A philosophical question is if it is not morally acceptable to kill another human and eat it, on what grounds can we kill non human animals and eat them? Are we guilty of “speciesism,” the characteristic of which is an unjustified prejudice against other animals? Speciesism can be compared to racism, an unjustified prejudice against other races, or sexism, an unjustified prejudice against a different sex. Peter Singer, a prominent utilitarian philosopher, believes that many people are unjustifiably speciesist. A different prominent philosopher, the late Bernard Williams, an opponent of utilitarianism, believes it not to be so. Both Singer and Williams use aliens to make a related point.
Peter Singer, (Practical Ethics, [Cambridge University Press, Third Edition, 2011], p.68) appears unhappy that we might identify as members of the species Homo-sapiens and would prefer it if we identified as “self-aware beings” or, perhaps, “sentient beings.” He comments. “Personally, I would feel that an intelligent alien with whom I could communicate and share feelings would have more in common with me than a member of my own species who is so profoundly disabled as to be unable to have any conscious experiences at all – even if the latter looked much more like me.”
Bernard Williams, (Philosophy as a Humanistic Discipline, [Princeton University Press, 2006],pp.149-152) implies that if aliens land on earth and wished to live with us, whether they look like us or whether they are slimy and disgusting, “opponents of speciesism [would] want us to join them— join them…on principle.” In his fantasy, such people, presumably Singer included, would be the “collaborators.” Against them would be the “resisters,” those “organizing under the banner ‘Defend humanity’ or ‘Stand up for human beings.’” It is a question of whether people can be loyal to other human beings. The question to ask is “Which side are you on?”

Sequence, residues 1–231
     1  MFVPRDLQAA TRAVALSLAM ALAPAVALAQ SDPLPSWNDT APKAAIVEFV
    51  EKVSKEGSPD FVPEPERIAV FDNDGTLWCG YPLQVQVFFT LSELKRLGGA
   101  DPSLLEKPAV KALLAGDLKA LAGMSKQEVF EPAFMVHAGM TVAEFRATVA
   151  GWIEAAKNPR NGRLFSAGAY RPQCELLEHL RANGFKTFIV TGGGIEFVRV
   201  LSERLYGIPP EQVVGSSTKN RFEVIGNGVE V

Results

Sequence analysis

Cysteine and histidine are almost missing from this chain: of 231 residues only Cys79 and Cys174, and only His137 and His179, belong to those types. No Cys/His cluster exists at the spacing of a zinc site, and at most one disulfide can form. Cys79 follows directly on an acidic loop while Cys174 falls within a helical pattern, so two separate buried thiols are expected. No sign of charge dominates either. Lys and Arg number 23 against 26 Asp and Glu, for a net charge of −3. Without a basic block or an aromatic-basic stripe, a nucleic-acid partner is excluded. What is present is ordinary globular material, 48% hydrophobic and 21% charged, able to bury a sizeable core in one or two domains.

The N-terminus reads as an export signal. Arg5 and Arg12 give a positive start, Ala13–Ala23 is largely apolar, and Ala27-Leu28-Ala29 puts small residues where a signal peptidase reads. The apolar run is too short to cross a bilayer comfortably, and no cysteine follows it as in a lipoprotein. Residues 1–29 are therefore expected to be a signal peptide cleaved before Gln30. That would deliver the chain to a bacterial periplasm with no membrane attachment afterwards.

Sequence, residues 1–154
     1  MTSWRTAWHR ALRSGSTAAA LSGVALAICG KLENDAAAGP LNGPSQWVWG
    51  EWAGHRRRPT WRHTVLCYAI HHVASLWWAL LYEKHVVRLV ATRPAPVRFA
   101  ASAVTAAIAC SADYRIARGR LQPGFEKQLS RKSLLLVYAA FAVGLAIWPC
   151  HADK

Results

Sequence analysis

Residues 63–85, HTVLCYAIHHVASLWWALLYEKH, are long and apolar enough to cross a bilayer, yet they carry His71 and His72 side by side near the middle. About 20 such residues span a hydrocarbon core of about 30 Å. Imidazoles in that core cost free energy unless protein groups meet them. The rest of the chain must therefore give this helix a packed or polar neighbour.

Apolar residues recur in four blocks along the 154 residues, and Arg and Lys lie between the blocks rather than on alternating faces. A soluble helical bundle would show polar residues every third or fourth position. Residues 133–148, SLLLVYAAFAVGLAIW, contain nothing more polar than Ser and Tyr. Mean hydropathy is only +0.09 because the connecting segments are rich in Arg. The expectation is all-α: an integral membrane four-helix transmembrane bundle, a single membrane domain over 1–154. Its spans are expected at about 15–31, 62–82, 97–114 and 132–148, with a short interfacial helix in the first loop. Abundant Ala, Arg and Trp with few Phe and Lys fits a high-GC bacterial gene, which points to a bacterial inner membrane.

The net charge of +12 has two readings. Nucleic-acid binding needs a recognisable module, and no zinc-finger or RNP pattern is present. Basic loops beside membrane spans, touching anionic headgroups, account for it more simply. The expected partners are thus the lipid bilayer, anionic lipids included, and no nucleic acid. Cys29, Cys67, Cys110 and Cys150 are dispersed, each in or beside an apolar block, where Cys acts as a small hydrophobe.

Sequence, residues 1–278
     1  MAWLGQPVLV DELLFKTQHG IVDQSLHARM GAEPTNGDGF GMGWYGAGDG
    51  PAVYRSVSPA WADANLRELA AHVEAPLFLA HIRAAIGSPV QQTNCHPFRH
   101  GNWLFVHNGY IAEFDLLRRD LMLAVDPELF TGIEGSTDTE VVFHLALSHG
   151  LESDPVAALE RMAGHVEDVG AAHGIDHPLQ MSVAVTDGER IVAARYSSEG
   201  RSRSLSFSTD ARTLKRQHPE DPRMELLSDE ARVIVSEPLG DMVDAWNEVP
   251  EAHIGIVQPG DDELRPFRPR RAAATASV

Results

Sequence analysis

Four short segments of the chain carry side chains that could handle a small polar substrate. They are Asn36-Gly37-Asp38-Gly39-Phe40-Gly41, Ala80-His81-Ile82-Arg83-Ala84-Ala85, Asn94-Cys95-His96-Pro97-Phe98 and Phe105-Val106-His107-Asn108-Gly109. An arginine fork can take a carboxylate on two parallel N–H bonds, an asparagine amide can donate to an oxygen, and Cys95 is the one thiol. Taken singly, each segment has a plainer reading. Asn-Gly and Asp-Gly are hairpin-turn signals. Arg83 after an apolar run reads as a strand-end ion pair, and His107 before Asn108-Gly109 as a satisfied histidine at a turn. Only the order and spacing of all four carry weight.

Considering these two positions, I think I would fall into Bernard Williams camp. The nearest real life event to any of these fantasies that comes to mind is when Gary Kasparov, the chess grandmaster, played the IBM supercomputer Deep Blue at chess in the mid to late 1990s. At that point in time I desperately wanted Kasparov to win. The reason for wanting Kasparov to win was because “he’s one of us.” Perhaps I am prejudiced in favour of humans, but I am not convinced that this is unethical.